Review: Son of A Preacher Man. Nottingham Theatre Royal.

Son of a Preacher Man was Dusty Springfield’s last Top 10 UK hit in 1968 and now, 50 years on, the iconic song has become the title of a new musical play, celebrating her contribution.

The show presents many of Dusty’s best-known songs in new arrangements which thread through an original storyline by internationally renowned writer Warner Brown. Three characters across the generations , Alison (Debra Stephenson), Kat (Alice Barlow) and Paul (Michael Howe), all looking for love, are drawn to the original site of the legendary ‘Preacher Man’ café, where in the 1960s the ‘kids’ danced to the latest tunes and the eponymous owner dispensed advice to lonely hearts. It is now run as a café by the Son of the ‘Preacher Man’, Simon, who becomes the modern day equivalent of cupid to his customers.

We follow these three main characters on their emotional journey, and empathy is created through some accomplished acting. Howe in particular, gives a nuanced performance, creating a three dimensional Paul, which could otherwise easily become a stereotype. Stephenson is charming and convincing as Alison, a sort of ‘everywoman’ who is widowed and feeling lost. And Barlow, as the young Kat, gives an energetic and powerful vocal performance. Nigel Richards plays Simon with skill, and brings humour and warmth to the show. His singing voice is wonderfully warm and  this reviewer would like to hear more of it!

The sound of the ‘60s is conjured up on-stage in Preacher by an astonishing array of actor-musician talent. Virtually everyone at some point plays an instrument, as well as singing, acting, dancing – creating quadruple threats! It is a joy to see saxophone, trombone, cello etc. all on-stage and part of the musical celebration – skills so often hidden in the orchestra pit and rather taken for granted. The vocal harmonies of the cast are excellent, in particular the three Cappuccino Sisters, who act as waitresses come Greek chorus to all the goings on in the café. Many of the alternative arrangements bring new life to old songs. ‘I Just Don’t Know What to Do with Myself’ becomes a hymn to grief, sung by those who have recently lost a loved one. A real highlight is ‘Spooky’, with Howe playing a decent guitar riff and dueting with the rich vocals of Ellie-Jane Goddard (and later playing saxophone) creating a stand out number in the show – it starts simple and then builds to include the whole band.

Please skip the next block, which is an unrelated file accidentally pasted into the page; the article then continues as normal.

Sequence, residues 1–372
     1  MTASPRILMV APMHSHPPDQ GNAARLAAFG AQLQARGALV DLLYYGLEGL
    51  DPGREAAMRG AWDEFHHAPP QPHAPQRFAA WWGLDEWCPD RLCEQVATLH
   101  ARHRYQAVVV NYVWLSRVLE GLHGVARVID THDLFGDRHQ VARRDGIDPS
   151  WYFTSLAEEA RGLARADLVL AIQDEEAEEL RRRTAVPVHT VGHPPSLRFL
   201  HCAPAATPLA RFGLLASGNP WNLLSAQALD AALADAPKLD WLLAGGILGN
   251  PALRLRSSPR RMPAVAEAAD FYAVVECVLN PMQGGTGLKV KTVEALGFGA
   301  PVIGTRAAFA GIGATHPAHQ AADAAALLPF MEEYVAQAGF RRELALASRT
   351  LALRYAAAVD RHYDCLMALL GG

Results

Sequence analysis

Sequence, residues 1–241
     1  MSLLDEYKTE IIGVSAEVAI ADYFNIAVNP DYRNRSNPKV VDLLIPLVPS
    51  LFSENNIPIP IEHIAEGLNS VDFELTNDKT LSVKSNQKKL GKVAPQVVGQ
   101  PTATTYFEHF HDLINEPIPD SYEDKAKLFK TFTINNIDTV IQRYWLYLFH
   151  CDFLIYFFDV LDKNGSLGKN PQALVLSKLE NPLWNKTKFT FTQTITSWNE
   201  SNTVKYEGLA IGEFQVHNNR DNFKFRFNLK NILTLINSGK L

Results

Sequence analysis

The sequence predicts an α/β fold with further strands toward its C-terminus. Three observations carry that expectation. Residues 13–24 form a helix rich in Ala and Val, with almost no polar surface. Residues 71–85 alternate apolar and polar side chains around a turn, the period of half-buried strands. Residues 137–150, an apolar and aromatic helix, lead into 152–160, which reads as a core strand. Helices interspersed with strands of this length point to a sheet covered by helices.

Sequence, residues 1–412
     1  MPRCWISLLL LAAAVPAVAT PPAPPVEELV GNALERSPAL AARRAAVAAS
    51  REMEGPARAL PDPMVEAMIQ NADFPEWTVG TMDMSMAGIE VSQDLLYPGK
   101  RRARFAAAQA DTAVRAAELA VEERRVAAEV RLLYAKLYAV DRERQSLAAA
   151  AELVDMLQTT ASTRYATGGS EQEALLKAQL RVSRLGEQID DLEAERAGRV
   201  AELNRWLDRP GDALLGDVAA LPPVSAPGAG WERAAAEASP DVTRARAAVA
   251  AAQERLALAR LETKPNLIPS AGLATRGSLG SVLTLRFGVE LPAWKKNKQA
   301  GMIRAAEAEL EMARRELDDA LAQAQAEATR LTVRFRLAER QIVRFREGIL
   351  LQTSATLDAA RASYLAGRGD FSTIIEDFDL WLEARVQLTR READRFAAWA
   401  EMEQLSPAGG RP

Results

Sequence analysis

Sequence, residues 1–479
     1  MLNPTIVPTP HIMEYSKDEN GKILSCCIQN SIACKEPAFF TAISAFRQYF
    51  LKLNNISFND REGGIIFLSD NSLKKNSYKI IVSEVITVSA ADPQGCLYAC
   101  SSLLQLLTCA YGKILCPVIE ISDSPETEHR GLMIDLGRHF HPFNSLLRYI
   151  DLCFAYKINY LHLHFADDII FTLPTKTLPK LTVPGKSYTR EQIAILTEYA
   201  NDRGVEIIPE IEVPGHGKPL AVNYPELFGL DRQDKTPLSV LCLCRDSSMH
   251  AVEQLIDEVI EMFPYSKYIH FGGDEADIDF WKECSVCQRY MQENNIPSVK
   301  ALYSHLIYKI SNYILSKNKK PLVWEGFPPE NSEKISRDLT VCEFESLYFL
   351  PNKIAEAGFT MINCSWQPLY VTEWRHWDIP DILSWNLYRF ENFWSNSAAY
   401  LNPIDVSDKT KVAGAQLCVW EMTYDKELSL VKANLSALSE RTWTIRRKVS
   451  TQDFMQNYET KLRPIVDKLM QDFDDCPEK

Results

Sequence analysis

In any compilation show such as this, there must be a degree of making the songs and stories fit together in a way that is not necessary when a musical is written from scratch. The ‘fit’ here is occasionally awkward, as is the direction: it’s never comfortable to see someone singing whilst lying down and an up-beat number, which deserves a good dance routine is presented with a slo-mo effect. And finally, there are a few moments which even feminists from the 1960s would have balked at, nevermind with today’s viewpoint.

It is a huge challenge to re-visit the music of such an iconic singer as Dusty Springfield. After all, it was the very uniqueness of her voice, with a “haunting vulnerability”, which made her stand out in the 1960s and has made her such a musical legend. Do you attempt to re-create the voice and have the traditionalists shake their heads? Or reminisce and celebrate her contribution by creating an ‘homage’ to it? There will be Dusty die-hards who will be disappointed not to hear closer covers of her most famous songs here, and certainly some of the real classics could have been presented more purely. But there is plenty here which gives a potent reminder of the explosion of music that occurred in the 60s, from rock and roll to r’n’b and more lyrical folk tunes – and celebrates Dusty’s contribution through songs which have stood the test of time.

Reviewer: Kathryn McAuley.


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